Who: The Airborne Toxic Event, a Los Angeles post-punk five-piece named after the dubious cloud that envelopes Don DeLillo's 1985 novel White Noise. The band's darkly rousing single "Sometime Around Midnight" — a heartbreakingly poetic tale of spying a beautiful woman at a rock show and losing her to the night — is in the Top Five on the modern rock chart.
Sounds Like: Singer-guitarist Mikel Jollett croons with an urgency that's alternatively brooding and anthemic, as the songs on his band's self-titled debut jump from perky dance-rock to more solemn moments featuring violin by Anna Bulbrook, one of their two formerly trained members; bassist Noah Harmon breaks out a bow onstage, too.
• Last month, U2's Adam Clayton proclaimed ATE's 2008 LP one of his favorite finds on a radio show hosted by Shirley Manson. "You want to play it cool on something like that, but on a certain level you're like 'holy shit,' " Harmon says. "My brother read it in like a newspaper, so he called me and goes, 'Now, look. This is pretty cool but you're still an asshole.' "
• In fall 2008 the band played 30 shows in 30 days in the U.K., but they didn't feel the punishing effects of the road until a later English tour where Jollett got smashed in the face by a "bloke" who was "acting blokey" when the band invited fans onstage to sing along. "He got all excited and the back of his head just went bam! Right into my eye." For the rest of the band's run, they had to explain that Jollett was not, in fact, wearing eye makeup. "Now we get makeup to look like we just got our asses kicked every now and then, because it just adds an element of rough housery," jokes Jollett.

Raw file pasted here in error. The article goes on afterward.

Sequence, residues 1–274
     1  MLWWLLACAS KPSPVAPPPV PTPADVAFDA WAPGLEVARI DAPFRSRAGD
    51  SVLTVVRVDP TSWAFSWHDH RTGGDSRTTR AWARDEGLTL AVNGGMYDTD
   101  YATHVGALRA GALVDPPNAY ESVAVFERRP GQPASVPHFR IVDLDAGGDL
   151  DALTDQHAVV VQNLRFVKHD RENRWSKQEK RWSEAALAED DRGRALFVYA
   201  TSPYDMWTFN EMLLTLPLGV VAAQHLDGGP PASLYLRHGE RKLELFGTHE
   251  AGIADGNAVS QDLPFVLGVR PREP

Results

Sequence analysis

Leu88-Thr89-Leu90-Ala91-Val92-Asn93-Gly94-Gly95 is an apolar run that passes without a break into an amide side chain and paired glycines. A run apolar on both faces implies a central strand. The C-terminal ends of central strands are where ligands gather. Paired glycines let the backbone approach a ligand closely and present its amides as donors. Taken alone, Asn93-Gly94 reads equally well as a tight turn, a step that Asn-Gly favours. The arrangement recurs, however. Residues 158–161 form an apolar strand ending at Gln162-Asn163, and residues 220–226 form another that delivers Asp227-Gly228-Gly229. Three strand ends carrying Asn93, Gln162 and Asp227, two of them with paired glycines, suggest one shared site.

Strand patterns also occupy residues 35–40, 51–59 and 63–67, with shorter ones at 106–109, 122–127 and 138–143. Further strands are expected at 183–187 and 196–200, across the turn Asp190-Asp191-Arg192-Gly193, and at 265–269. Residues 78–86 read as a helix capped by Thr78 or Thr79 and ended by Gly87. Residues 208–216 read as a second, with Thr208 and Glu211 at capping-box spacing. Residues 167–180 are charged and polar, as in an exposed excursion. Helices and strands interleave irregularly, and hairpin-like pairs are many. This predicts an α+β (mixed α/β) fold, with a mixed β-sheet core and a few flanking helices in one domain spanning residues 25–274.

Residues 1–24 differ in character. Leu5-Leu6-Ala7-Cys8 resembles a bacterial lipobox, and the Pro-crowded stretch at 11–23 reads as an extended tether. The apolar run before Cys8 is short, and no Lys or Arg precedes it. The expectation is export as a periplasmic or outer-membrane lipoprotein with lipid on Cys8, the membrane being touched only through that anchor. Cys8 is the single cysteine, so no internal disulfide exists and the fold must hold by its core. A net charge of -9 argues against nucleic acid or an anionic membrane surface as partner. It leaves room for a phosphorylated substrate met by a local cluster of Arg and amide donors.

• Jollett started ATE while toiling on a novel that was eventually excerpted on McSweeney's Website last year (guitarist Steven Chen, like Jollett, used to work as a writer; drummer Daren Taylor was the first bandmember Jollett recruited). Both his parents were ill and he was diagnosed with an autoimmune disorder, "So it just felt like everyone around me was dying," Jollett says. "That's a moment in your life that changes you. You realize that life is finite and you only have so much time." In White Noise, a doctor says the Airborne Toxic Event could kill you in a week or 40 years. "So that's the big gag — it's true for everyone," Jollett adds. "Like everyone in this room, we could all die before the end of this interview."
Get It Now: The Airborne Toxic Event is in stores now. Check out footage from the band's SXSW performance and more of our interview above.
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